In ovarian cancer, the presence of macrophages in the tumor microenvironment (TME) has been associated with poor clinical outcomes. Understanding mechanisms of macrophage recruitment and signaling with tumor cells in the TME may uncover novel therapeutic targets to block the pro-tumor effects of macrophages and improve patient outcomes. Several tumor secreted factors, such as mCSF, CCL2, IL8, and periostin have been implicated in the recruitment of macrophages to the tumor site. However, previous studies of macrophage recruitment have utilized culture systems that fail to recapitulate TME complexity. Therefore, a 3D physiologically relevant microfluidic platform was used in this work that can accurately control cell-cell interactions. Our microfluidic design incorporates chemokine concentration gradients and allows for the study of the spatiotemporal macrophage infiltration dynamics towards ovarian cancer cells using live cell microscopy. We first studied the abilities of a panel of high grade serous ovarian cancer models comprised of established cancer cell lines (murine ID8 and human CaOV3, OHSAHO, OVCAR8) and patient-derived high-grade serous ovarian cancer xenografts (4 PDX models) to recruit macrophages via microfluidic and collagen-droplet based 3D assays. The presence of tumor cells enhanced macrophage infiltration into collagen 3-fold after 48 hours. We found that ovarian cancer models that efficiently recruited macrophages expressed higher levels of mCSF, CCL2, and IL8 cytokines. Furthermore, tumor cell secreted factors more potently increased macrophage recruitment compared to chemotactic gradients of CCL2 and mCSF, indicating a complex signaling network between tumor cells and macrophages. RAW264.7 murine macrophages additionally induced resistance to cisplatin-induced cell death in ID8 cells proportional to increasing macrophage:tumor cell ratios. We also studied the ability of CSF1R inhibition to block macrophage infiltration. Treatment with BLZ945, a potent CSF1R inhibitor that is evaluated in clinical trials, effectively blocked the recruitment of the RAW264.7 macrophages towards ID8 ovarian cancer cells. We subsequently characterized the attachment and invasion profiles of the human and murine ovarian cancer models in syngeneic and immunocompromised xenografts in vivo. We found that tumor cells attached and invaded the ovaries, abdominal organs, and fatty tissue. In a preliminary analysis, one of the PDX models that efficiently recruited macrophages also formed invasive implants, while another PDX model with poor macrophage infiltration did not exhibit invasive implant formation. This work demonstrates the capability of a microfluidic platform to model macrophage infiltration in ovarian cancer. In ongoing studies using this microfluidic platform we are investigating the effects of chemotherapy-induced changes in the tumor cell secretome on macrophage infiltration and the resulting effects on tumor cell chemotherapy sensitivity.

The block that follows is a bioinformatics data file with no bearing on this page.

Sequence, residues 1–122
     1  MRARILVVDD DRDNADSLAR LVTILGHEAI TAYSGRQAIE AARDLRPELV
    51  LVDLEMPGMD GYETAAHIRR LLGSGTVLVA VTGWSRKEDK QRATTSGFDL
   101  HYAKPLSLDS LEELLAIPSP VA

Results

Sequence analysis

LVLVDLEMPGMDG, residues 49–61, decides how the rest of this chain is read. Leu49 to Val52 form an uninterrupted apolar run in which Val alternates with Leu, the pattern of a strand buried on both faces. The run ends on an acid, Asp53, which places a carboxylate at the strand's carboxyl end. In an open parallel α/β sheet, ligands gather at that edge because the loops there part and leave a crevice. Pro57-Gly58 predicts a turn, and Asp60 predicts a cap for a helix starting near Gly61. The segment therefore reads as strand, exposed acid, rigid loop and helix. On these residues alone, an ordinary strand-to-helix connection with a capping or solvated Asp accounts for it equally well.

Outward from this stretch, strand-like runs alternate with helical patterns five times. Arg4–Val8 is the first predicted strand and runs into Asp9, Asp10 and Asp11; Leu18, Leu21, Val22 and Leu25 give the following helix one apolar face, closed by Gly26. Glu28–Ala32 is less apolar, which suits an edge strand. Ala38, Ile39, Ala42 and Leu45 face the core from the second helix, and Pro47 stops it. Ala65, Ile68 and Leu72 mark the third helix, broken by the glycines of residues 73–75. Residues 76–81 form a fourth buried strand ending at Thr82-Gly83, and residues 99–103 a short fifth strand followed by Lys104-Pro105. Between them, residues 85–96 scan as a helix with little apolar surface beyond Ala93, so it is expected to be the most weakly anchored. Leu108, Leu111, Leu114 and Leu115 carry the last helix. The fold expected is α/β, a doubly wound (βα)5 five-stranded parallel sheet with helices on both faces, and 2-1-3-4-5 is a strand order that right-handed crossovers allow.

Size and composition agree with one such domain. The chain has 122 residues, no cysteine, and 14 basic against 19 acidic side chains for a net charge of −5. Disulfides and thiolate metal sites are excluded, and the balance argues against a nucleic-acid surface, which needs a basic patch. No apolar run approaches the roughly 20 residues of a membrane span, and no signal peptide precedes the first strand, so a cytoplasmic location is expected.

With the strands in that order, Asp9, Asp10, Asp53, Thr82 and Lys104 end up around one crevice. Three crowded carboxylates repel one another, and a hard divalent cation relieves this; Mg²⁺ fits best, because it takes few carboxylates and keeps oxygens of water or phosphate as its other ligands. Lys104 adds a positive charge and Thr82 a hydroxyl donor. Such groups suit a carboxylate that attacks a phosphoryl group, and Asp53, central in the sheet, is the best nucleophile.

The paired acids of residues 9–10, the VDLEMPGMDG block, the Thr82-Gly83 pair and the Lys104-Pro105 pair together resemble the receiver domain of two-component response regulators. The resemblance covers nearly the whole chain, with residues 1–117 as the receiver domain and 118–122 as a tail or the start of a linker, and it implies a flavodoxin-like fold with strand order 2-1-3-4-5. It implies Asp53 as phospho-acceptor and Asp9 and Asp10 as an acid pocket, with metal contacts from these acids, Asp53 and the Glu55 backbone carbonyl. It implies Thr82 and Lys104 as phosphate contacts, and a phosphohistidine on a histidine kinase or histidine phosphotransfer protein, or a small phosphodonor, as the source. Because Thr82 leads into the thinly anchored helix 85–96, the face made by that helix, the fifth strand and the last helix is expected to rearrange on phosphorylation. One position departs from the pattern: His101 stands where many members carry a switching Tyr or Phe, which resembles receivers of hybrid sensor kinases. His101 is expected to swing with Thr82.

Citation Format: Alexis L. Scott, Oluwadamilola Ayoola, Ioannis K. Zervantonakis. Microfluidic modeling of tumor-macrophage signaling in ovarian cancer [abstract]. In: Proceedings of the AACR Virtual Special Conference on the Evolving Tumor Microenvironment in Cancer Progression: Mechanisms and Emerging Therapeutic Opportunities; in association with the Tumor Microenvironment (TME) Working Group; 2021 Jan 11-12. Philadelphia (PA): AACR; Cancer Res 2021;81(5 Suppl):Abstract nr PO042.